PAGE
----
Writer-director Bart Freundlich’s adaptation of Susanne Bier’s 2006 Oscar-nominated film After the Wedding (it was Denmark’s foreign language submission for the 2007 Oscars) takes the framework of the original with a different twist. Instead of two male protagonists, Freundlich pairs two of the finest actresses working today, giving them some great material to work with.
As After the Wedding opens, there’s a tranquility that feels almost too calm for anyone’s good. Isabel (Michelle Williams) is leading a group of young kids in meditation but that peaceful moment doesn’t wash over you as it should. Early on, it’s easy to tell there is much more happening in the film.
“…Isabel runs an orphanage in India, which appears to be the center of her entire life.”
We find out Isabel runs an orphanage in India, which appears to be the center of her entire life. She treats every child as if they were her own, caring for them with natural maternal instincts. She receives word a benefactor is interested in investing money in the orphanage and would like to meet with Isabel. The only thing is, she has to go to New York City and the thought of being away from the children for an extended period of time is hard for Isabel.
She finds out $2 million is on the table, and it would be in the children’s best interest if she takes the meeting, so she heads to New York to meet with Theresa (Julianne Moore), who is in the midst of planning her daughter’s wedding while trying to run her company. Isabel and Theresa couldn’t be more different or part of such opposite worlds; just spending time with her in New York makes Isabel feel like a stranger in a strange land.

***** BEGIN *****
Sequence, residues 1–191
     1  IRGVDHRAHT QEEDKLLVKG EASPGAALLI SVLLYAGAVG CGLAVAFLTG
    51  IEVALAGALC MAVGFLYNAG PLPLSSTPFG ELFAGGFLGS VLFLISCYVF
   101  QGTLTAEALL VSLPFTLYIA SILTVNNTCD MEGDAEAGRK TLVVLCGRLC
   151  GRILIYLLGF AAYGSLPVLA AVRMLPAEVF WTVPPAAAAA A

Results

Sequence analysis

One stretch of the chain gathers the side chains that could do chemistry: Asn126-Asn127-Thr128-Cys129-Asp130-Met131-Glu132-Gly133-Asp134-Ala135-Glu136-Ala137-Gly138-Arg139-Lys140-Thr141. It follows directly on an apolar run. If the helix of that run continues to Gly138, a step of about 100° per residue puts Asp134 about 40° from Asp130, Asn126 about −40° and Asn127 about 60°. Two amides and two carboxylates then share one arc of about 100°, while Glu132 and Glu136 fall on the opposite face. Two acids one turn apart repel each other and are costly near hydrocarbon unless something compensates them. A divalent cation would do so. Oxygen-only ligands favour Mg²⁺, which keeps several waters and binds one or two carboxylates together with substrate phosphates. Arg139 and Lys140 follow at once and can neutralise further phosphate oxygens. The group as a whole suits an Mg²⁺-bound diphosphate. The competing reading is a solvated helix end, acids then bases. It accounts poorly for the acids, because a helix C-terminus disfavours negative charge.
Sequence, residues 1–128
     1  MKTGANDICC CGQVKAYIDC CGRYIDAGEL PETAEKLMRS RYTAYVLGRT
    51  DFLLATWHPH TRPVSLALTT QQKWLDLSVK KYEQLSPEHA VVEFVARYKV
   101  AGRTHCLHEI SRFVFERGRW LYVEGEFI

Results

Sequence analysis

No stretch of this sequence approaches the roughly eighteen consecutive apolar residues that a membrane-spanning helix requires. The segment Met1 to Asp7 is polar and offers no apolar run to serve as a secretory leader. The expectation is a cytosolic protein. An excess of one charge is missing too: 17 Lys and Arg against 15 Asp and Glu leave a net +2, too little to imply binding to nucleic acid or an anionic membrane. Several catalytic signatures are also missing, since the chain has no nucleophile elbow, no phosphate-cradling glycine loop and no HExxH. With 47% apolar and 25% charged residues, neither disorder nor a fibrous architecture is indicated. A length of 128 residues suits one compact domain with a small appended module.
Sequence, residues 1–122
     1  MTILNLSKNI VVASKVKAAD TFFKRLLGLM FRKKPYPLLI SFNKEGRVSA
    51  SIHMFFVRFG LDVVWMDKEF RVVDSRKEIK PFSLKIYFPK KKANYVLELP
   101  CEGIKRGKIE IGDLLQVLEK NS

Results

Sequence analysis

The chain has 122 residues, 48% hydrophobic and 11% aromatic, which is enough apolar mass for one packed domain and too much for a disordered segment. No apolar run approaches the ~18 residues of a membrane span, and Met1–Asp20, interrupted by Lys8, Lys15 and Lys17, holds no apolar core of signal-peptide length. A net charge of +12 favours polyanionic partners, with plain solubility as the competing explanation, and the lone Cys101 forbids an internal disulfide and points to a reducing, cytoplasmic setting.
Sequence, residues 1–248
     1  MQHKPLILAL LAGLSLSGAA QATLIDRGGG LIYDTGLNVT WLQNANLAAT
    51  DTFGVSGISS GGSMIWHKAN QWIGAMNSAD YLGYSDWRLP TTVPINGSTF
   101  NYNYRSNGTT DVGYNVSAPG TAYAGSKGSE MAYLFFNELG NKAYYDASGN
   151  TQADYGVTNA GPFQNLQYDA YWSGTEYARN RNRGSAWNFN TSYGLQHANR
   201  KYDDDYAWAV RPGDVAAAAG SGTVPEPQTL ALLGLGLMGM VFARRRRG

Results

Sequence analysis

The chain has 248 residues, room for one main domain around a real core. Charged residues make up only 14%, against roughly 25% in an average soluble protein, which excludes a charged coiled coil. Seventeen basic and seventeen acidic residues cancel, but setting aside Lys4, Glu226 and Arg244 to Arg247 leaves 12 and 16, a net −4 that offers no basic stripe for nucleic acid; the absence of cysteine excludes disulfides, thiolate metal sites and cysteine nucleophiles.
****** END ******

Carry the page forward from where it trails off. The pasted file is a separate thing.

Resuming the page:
“…a showcase for Williams and Moore to sink into the emotional weight of the characters.”
Isabel hopes to be back to India quickly, but Theresa wants more time to think about her offer and why she should invest in the orphanage. She invites Isabel to her daughter’s wedding, and she reluctantly accepts because she would do anything for the children. When Isabel is introduced to Theresa’s husband Oscar (Billy Crudup), After the Wedding takes some narrative turns, allowing the characters to evolve and flesh out more than when we first meet them.
Freundlich’s approach to the film is respectful to the original but begs the question of why translate this particular film for a more mainstream audience. He does so deftly but After the Wedding trods in some familiar melodramatic territories, which may not have the same impact as the original.
Regardless, After the Wedding is a showcase for Williams and Moore to sink into the emotional weight of the characters. Would you ever need more than that?
After The Wedding screened at the 2019 Sundance Film Festival.